Don’t forget that some people can’t see colors

Adam Bertram
3 min readJul 24, 2019

Guest Post by: Larry Glusman

Did you know that estimates say that up to 8 percent of males (and .5 percent of females) have issues seeing some colors? Nobody is sure why, but many of us are affected by this problem.

I was almost thirty before I realized that when people said something like “he’s turning red with embarrassment,” they were being literal. I had always thought it was just an odd saying. It’s surprising how many minor, day-to-day, things are based on colors.

  • What color hair does she have?
  • What color was that car?
  • Is the grass green or turning brown?
  • Is that steak rare or medium?

And then there are some larger issues to deal with.

When I first learned to drive I had to teach myself that the middle light meant slow down, top meant stop, and bottom meant go.

While the colors of the lights don’t all look quite the same to me (which allows me to compare them to each other) none of them look like the colors people tell me they are. To me, the bottom light is an off white, and the other two are different shades of red. When it comes to those single, flashing lights, I have nothing to compare to so I have no idea what they are. I always assume they are red, just to be safe.

When I was nineteen I joined the Navy and was interested in the nuclear program. During my physical, they did a vision test which included some color testing.

After miserably failing that, they informed me that they didn’t want me anywhere near something nuclear if I might connect (or cut) the wrong wires.

A few years after that I started a PC repair shop and consulting company to help home users and small business owners. One of my reasons for doing this was because I could build custom PCs and sell them for quite a bit less than the big brands of the time. While building a PC is pretty straight forward, back then there were many wires that weren’t labeled so I frequently ran into color-coded diagrams.

When DSL started to appear in my town I was able to get a contract with one of the larger ISPs to install and configure DSL modems. They aren’t hard to set up, but they caused me some embarrassment. Once connected, they check for DSL signal on the phone line and a light blinks to let you know the status.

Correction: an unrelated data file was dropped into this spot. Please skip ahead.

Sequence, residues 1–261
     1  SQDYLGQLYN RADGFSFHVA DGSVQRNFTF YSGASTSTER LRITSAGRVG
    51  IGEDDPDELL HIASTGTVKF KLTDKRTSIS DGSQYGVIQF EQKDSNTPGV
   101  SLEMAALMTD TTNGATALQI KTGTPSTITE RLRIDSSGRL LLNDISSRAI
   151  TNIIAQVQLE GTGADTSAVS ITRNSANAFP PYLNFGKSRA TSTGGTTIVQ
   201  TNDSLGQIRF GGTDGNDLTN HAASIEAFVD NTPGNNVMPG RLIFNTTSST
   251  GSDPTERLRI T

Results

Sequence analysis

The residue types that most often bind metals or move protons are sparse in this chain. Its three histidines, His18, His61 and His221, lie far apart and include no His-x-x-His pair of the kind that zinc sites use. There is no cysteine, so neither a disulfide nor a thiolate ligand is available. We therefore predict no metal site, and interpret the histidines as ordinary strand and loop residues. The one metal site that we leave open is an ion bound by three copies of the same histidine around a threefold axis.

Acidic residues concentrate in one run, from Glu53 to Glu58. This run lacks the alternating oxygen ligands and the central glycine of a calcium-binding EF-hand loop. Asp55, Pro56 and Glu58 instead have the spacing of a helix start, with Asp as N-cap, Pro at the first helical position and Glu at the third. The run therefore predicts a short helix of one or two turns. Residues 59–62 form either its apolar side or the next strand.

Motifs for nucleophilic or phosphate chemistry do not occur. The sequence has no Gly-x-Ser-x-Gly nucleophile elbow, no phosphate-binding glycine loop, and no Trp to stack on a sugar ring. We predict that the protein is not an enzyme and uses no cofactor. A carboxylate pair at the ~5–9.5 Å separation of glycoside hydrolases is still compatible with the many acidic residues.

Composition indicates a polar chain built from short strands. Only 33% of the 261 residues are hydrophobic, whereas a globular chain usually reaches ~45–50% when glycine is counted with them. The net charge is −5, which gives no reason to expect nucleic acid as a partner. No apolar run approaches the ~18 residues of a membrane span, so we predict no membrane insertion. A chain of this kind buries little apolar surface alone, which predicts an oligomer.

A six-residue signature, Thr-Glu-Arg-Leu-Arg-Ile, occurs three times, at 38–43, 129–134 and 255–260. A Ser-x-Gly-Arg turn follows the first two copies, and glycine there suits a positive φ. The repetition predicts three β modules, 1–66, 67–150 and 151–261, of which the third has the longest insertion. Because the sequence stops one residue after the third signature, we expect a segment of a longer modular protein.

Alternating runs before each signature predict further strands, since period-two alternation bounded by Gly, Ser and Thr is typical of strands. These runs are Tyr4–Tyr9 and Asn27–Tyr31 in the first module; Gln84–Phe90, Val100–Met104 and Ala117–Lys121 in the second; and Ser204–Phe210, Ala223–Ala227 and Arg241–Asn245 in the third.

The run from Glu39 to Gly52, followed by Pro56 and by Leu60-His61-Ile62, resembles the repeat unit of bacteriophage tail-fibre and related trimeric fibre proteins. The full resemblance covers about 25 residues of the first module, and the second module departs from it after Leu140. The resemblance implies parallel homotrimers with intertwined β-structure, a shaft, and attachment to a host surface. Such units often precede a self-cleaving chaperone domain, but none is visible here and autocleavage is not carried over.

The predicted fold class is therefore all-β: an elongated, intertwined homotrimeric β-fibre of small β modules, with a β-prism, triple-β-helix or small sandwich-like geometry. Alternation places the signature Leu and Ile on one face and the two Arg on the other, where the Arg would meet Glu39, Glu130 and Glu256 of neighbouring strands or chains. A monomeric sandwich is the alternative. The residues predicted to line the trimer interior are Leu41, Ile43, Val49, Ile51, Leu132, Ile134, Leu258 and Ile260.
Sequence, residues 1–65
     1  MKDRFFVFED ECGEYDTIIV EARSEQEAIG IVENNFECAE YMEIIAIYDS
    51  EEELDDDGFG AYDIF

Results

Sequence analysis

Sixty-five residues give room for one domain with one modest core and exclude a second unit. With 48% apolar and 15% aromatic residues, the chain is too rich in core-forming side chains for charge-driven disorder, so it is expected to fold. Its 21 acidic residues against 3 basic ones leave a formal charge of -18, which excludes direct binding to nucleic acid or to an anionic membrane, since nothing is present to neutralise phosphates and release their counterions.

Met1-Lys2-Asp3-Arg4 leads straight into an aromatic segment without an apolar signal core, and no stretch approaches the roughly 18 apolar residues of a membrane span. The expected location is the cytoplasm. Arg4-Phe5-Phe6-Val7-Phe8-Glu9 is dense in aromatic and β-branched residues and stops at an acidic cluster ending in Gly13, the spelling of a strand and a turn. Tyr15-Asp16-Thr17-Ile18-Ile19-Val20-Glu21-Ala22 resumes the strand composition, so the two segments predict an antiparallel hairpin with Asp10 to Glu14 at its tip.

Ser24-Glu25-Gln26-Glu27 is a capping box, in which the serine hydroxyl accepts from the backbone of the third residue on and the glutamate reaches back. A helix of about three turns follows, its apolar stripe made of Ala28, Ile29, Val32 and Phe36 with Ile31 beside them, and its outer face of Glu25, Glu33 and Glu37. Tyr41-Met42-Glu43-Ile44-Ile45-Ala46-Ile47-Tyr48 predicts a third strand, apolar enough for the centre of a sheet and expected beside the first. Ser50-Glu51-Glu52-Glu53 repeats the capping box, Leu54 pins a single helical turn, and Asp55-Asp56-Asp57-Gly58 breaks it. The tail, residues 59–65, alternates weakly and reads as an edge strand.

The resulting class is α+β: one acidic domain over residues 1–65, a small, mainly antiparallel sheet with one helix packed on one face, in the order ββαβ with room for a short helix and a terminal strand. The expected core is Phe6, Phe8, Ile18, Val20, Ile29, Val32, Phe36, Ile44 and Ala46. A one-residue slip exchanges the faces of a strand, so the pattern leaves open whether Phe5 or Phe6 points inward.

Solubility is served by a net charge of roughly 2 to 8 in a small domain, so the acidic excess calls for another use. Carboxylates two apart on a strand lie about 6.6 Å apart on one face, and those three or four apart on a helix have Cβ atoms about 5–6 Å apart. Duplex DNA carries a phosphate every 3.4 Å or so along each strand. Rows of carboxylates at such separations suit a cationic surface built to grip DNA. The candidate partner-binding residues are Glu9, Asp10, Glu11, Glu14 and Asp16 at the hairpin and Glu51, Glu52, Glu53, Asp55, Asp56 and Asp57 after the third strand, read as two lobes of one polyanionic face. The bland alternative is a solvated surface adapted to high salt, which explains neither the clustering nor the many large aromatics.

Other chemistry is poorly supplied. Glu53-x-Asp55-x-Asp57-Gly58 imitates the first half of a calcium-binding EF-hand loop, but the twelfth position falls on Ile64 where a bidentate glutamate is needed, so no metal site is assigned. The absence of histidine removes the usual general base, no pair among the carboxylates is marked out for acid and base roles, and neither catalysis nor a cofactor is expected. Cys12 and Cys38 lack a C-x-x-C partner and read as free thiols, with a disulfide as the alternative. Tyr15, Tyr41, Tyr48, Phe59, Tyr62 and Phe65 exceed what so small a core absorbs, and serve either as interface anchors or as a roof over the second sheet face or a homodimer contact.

Error codes were not a pattern of blinks (which would have been great) but were color-coded. Consider how awkward it is to call your client over, point to the little blinking light, and ask what color it is. I eventually learned to say that I needed another pair of eyes and would intently stare at the monitor while having them tell me the LED color.

In today’s tech world the issues are different, but still there. My cell phone has an LED that flashes for alerts. It can flash different colors for different things, but they all look pretty much the same to me. I’ve run into many games over the years where the character colors all look the same. Some websites use link colors that (to me) look identical to the regular text so I have no idea there’s a link to click on.

If you are in IT and design anything for others to use, please keep us color disadvantaged folks in mind. Make your error codes show a number or blink in a pattern, not just depend on a changing color. If you have to use color-coded wires, please label them too. Making a website or game? Offer a black and white or ‘color blind-friendly’ version, too. We may be a minority, but there are millions of us. Making millions of people happy with your product certainly can’t hurt.



Adam Bertram

A 20-year veteran of IT, crypto geek, content creator, consultant and overall problem solver.